Akira will feature three distinct styles of pottery. Yakishime refers to pottery that is fired without any applied glaze. Natural ash glaze builds up on the pottery during wood firing and creates a number of wood-fired pottery effects. Kohiki is modeled after Korean Yi Dynasty ceramics and typically refers to an iron-rich clay body with white slip and then finished with a translucent glaze. Yuuyaku refers to glazed ceramic pieces and Akria uses Kakl, a persimmon or red iron glaze, Shino, a feldspar glaze originally developed in Japan and Celadon, a glaze which is white with hints of green and blue originally developed in China. Akira was born in Osaka, Japan has been living in the U.S. since 1983 In 2003 he relocated to Swannanoa, North Carolina, where he built a Japanese Kyushu-style oil kiln and a wood-fired kiln. For Akira the act of creation is a collaboration between himself, the clay and the fire. Akira has been influenced by natural events such as undulations in sand that has been moved by wind and rock formations as well as the crackle and patina of the weathered walls of ancient structures.
Lindsay Rogers was influenced by the antique pottery that surrounded her in her youth and the many hands and stories that those antique pieces had experienced. She is excited at the prospect that her work possesses this potential and her hope is that each piece she creates will stand alone as a ceramic representation of of how she interacts with the world. Lindsay began her work in ceramics in 2001 in New Haven Connecticut and was offered a residency in Natchez, Mississippi in 2005 where she worked with potter Conner Burns. She is currently working as a resident artist at the EnergyXchange in western North Carolina.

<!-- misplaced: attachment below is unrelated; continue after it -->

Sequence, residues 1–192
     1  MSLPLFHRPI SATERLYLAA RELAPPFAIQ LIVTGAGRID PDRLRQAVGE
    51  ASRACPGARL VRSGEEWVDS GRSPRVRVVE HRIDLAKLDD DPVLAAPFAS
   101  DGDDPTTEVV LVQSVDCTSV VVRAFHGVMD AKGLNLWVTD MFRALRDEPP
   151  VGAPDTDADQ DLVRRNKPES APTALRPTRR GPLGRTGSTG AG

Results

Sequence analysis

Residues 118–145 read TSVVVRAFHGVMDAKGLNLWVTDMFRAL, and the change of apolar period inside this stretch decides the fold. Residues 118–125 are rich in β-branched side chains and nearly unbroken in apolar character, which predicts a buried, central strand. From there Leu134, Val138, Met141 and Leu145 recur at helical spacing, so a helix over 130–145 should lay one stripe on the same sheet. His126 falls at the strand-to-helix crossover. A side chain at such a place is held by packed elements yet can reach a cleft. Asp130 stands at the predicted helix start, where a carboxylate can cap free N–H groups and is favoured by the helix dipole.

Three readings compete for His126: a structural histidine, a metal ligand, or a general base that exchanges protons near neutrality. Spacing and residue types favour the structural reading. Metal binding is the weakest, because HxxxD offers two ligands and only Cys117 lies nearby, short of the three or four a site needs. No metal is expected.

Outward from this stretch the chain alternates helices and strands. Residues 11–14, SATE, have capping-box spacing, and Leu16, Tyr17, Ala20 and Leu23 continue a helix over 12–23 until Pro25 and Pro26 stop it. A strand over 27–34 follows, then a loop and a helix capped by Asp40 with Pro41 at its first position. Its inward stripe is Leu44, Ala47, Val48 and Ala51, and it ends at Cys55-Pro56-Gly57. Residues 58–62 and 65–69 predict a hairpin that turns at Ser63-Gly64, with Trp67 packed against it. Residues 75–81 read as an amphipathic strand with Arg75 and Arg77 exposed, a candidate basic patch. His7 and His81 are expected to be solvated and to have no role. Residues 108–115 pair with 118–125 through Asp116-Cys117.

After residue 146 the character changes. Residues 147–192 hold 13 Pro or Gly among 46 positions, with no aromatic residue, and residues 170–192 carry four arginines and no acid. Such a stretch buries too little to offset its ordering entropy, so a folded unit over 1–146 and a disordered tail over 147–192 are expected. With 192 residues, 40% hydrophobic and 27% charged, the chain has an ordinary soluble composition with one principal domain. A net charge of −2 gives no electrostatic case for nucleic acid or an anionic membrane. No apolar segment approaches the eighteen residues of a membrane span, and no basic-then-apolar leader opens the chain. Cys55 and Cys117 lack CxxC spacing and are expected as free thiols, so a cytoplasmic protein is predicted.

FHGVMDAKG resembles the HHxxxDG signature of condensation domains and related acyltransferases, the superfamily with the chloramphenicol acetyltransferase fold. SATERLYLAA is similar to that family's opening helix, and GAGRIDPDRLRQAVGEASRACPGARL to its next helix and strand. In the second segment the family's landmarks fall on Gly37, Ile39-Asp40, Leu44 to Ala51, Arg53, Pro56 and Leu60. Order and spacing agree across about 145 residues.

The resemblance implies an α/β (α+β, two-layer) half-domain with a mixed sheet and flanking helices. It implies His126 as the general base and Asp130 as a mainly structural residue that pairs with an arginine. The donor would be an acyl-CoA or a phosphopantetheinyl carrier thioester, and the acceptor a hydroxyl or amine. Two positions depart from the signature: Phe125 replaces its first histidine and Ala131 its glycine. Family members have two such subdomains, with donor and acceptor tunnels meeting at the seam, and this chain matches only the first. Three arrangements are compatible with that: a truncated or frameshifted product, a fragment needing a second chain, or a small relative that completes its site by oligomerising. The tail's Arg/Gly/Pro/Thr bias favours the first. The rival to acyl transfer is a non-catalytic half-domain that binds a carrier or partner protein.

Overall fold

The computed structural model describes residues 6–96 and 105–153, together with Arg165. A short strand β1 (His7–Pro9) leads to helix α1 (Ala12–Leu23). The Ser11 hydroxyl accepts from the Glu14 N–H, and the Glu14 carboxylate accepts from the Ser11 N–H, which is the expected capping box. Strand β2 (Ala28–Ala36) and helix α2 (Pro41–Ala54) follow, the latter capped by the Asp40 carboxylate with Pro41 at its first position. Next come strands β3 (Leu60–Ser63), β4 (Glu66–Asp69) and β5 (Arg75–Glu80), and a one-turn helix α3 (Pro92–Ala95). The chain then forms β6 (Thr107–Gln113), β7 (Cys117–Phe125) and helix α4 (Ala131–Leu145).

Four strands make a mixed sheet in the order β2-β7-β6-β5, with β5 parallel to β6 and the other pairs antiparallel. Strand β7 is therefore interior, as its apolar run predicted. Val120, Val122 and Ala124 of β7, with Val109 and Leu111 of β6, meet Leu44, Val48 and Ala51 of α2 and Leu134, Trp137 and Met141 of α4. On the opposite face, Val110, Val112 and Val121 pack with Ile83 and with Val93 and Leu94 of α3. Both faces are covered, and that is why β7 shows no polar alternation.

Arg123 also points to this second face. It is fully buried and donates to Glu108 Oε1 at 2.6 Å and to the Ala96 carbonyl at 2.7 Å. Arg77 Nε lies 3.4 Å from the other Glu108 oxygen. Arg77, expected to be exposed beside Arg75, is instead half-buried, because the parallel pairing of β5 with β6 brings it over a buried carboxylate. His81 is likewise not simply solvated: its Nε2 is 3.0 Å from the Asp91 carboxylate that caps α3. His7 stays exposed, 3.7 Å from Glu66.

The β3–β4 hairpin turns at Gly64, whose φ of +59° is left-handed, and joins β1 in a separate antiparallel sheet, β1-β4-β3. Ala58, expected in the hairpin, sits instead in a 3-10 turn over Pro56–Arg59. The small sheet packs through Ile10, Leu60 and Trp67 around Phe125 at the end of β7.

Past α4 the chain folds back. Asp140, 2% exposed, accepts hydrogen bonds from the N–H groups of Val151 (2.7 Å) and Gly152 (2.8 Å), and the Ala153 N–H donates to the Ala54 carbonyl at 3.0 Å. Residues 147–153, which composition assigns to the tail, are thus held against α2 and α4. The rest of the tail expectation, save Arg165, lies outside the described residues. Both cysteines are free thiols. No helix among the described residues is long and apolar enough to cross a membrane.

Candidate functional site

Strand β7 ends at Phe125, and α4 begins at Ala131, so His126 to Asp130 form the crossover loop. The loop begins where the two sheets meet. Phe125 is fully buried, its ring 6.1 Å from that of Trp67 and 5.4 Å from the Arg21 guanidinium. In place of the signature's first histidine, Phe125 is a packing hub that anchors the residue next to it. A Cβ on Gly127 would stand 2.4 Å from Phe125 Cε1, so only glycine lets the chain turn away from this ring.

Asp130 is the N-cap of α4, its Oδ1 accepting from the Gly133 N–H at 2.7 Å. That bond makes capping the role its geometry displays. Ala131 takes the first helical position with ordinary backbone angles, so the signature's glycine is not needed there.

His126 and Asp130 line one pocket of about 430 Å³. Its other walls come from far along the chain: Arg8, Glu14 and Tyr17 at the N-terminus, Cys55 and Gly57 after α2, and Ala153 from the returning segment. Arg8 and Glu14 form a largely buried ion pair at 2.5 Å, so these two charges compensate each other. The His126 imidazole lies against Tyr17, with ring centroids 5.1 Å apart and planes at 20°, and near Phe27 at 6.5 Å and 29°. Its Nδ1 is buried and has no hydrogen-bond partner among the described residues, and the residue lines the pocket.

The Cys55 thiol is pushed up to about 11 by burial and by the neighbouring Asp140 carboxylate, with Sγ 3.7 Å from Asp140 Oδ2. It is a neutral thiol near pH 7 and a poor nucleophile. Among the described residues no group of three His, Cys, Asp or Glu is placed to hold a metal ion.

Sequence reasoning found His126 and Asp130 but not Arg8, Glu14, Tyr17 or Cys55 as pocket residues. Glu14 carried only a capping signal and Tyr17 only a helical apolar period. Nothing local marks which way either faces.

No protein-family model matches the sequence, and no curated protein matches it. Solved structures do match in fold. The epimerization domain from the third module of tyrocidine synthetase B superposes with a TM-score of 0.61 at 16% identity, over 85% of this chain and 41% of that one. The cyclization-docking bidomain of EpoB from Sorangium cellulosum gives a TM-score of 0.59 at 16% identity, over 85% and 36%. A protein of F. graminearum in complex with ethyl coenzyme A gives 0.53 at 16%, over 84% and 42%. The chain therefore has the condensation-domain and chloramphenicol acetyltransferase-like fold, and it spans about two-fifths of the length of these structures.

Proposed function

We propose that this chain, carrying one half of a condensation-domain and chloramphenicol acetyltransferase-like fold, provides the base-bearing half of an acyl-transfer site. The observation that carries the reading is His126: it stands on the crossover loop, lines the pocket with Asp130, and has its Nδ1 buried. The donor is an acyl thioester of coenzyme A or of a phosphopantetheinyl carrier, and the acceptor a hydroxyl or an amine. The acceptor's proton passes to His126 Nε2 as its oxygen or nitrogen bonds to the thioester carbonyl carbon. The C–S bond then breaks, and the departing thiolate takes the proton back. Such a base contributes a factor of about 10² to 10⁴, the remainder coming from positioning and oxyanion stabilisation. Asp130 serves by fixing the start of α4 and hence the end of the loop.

The exhibit opened on November 7th and an artist reception will take place on November 21st at 6pm. The exhibit will remain at Crimson Laurel Gallery through the end of the year. You can also see the exhibit online at www.crimsonlaurelgallery.com
Crimson Laurel Gallery
(828) 688 3599